Oh, it’s very clear to me what Jesus means when he says, “You, then, though you are evil, know how to give good gifts to your children” (Matt. 7.11).

It’s that state of ambiguity: getting things one needs or wants (new soccer cleats, family vacations on the lake) and, yet, flinching at submissive, bludgeoning rants when a word or action is out of step.

Scripture is pretty clear in John’s words, “If anyone says, ‘I love God,’ and hates his brother, he is a liar; for he who does not love his brother whom he has seen cannot love God whom he has not seen. And this commandment we have from him: whoever loves God must also love his brother.”

Notice there is no caveat to that command.

It does not include the clause, “except in the case of extreme annoyance,” or “excluding moments when you are extremely exhausted, stressed, PMS-ing, over-worked, under paid, defrauded, lied to, or generally disappointed with one another,” or “unless he sexually violates you.”

It’s not there. I’ve looked.

I know the evil in my own heart.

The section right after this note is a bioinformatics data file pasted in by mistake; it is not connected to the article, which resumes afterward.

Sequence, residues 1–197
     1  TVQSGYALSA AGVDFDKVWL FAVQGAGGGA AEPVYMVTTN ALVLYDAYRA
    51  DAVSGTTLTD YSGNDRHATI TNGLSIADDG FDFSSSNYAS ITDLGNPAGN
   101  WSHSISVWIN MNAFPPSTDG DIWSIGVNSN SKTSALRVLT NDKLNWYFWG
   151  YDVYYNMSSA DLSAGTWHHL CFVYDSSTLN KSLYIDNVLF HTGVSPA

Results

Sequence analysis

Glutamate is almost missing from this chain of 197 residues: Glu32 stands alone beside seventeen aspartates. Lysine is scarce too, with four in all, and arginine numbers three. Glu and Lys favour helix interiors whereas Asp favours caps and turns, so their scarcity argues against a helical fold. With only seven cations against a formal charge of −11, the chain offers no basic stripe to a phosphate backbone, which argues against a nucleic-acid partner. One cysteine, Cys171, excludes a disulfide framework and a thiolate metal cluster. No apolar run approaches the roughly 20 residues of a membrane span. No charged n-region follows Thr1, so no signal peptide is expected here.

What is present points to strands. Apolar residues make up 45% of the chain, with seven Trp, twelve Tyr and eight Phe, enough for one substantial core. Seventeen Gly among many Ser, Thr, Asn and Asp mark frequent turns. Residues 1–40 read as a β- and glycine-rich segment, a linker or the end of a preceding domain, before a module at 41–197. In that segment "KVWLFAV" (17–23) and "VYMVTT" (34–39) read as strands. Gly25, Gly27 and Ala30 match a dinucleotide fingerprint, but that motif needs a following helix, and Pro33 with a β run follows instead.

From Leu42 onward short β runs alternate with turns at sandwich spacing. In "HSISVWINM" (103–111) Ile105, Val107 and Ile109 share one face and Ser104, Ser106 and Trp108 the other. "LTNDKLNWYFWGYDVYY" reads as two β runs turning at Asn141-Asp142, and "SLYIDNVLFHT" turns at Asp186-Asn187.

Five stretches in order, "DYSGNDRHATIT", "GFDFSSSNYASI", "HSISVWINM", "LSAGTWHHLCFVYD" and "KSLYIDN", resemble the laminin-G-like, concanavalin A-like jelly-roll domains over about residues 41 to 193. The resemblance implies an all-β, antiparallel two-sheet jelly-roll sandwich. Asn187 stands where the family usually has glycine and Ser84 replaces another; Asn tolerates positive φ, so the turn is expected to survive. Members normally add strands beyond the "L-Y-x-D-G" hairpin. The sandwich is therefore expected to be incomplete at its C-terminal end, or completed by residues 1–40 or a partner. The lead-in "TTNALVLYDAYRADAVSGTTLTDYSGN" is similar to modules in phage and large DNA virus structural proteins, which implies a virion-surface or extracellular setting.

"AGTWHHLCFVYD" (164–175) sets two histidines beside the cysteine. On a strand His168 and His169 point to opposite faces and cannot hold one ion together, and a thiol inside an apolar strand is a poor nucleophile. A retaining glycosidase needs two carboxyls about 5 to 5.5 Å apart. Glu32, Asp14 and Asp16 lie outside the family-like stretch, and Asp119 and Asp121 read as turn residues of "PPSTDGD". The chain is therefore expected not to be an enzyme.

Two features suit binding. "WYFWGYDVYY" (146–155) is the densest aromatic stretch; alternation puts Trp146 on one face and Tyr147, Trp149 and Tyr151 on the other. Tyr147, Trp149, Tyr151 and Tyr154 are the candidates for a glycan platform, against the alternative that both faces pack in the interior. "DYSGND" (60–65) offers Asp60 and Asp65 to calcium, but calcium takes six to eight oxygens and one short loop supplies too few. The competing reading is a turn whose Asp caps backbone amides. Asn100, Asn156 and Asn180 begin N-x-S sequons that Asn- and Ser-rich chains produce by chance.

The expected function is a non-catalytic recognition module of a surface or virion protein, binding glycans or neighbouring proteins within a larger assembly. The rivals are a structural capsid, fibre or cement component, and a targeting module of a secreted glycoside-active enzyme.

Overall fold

Family gatherings, holidays, and any of the above exclusions “bump my cup,” as my girlfriend says, splashing vile venom that is remnant from my evil nature, concealing itself as righteousness; when, in fact, it’s nothing more than arrogance and self-righteousness.

Love, it is not.

Typically, I allow my arrogance and self-righteous attitudes to harden my heart toward others under a hyper-vigilant need to protect it from further harm.

My papa never let me in. He hurt me, abused me, kept me at arms’ length.

And, like a good girl, I learned his ways well.

The truth about loving one another is that it’s hard. It’s unnatural. And it’s complicated when we fail to confess with our mouths the sinful nature still taking up residence in our hearts.

The truth about loving one another is that it’s impossible to love one another–especially those who are difficult to love–when we falter at prostrating our lives and hearts before the One who makes love a possibility.

The truth about loving one another is that when we’ve been abused, love may take shape within our relationships in manners atypical to what our culture approves as normal or to what our experience has been.